Quirites


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Quirites

(kwɪˈraɪtiːz)
pl n
(Historical Terms) the citizens of ancient Rome
[from Latin: inhabitants of Cures, later applied generally to Roman citizens]
Collins English Dictionary – Complete and Unabridged, 12th Edition 2014 © HarperCollins Publishers 1991, 1994, 1998, 2000, 2003, 2006, 2007, 2009, 2011, 2014
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References in classic literature ?
One fat Greek is worth a dozen of them, and besides will keep, which cannot be said of a Quirite. - Let us taste your Sauterne."
Quirites, is conceived as a foreign god introduced when the city is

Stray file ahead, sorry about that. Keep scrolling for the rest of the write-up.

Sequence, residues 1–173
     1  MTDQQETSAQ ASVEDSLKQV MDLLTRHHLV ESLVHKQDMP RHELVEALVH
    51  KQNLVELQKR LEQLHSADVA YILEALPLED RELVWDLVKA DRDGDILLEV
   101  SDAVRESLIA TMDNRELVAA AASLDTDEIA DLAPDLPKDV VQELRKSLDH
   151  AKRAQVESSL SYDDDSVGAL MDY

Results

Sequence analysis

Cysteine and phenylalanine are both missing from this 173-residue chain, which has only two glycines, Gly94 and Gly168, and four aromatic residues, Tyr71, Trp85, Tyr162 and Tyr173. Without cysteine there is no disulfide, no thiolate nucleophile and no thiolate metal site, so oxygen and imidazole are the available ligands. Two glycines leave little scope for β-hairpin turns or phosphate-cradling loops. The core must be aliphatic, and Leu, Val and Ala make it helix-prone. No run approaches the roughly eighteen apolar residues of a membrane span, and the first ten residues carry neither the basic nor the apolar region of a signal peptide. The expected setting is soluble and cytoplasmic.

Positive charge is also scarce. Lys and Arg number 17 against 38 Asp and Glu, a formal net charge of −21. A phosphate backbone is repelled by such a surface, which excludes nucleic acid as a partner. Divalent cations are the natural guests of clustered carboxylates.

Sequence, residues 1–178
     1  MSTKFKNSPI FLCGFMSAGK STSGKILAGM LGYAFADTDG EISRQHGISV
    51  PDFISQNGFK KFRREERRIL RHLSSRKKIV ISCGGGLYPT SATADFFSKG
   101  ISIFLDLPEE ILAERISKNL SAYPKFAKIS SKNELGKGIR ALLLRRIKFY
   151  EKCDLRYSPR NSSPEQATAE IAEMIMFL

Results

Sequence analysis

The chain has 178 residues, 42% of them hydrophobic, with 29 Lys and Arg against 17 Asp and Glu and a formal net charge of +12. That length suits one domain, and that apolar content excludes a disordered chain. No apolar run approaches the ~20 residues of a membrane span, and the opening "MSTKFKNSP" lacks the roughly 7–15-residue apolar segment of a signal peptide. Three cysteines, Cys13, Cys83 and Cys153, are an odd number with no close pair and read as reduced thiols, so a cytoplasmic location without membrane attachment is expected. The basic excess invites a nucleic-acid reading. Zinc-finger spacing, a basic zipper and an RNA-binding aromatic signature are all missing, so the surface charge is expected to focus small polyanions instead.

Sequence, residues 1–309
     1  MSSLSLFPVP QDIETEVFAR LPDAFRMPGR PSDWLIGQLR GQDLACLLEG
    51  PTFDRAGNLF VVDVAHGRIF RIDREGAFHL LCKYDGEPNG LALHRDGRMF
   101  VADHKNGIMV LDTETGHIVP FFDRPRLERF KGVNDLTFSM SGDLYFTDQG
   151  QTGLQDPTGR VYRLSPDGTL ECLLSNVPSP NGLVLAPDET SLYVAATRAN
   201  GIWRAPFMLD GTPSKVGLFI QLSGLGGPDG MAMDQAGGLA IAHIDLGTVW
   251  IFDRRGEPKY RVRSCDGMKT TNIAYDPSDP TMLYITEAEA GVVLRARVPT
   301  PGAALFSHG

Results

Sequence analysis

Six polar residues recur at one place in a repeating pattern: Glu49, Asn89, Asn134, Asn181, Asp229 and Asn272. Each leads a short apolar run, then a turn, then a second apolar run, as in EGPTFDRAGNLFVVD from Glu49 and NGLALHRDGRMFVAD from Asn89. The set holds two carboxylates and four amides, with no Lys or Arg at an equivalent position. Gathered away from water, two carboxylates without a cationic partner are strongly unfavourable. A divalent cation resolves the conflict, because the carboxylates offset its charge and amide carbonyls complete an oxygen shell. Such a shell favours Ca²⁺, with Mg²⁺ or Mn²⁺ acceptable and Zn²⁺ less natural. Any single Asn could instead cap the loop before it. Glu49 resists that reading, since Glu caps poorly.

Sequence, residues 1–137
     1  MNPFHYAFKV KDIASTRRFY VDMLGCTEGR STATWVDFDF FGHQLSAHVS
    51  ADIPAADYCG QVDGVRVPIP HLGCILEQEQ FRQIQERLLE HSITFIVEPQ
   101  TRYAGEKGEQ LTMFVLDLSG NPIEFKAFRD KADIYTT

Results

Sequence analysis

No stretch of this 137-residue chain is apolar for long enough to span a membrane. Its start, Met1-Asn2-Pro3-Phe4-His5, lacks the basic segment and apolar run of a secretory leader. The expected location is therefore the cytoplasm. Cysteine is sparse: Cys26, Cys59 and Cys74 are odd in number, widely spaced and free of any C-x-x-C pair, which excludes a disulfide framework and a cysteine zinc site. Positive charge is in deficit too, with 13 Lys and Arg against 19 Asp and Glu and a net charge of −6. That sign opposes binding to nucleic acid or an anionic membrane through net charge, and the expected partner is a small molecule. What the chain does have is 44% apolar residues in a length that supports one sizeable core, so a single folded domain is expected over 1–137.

In the first book, Livy refers briefly to the origin of Quirites, used in classical Latin as a synonym of Romani.
Quirites; De domo sua; De haruspicum responsis; Pro Plancio, ed.
Above this tabernacle in the broken pediment is the bust of Trajan, (36) with the inscription Mentis honoribus quirites exornavit (He adorned the Romans for their deserved honors).
Por tanto, no se deben llamar propiamente 'leyes', sino 'plebiscitos' aquellos que son aprobados por presentacion de los tribunos de la plebe, a cuyas decisiones no estaban sujetos los patricios hasta que el dictador QUINTO HORTENSIO hizo aprobar una ley en virtud de la cual lo que la plebe habia establecido, debia ser observado por todos los Quirites (GEL.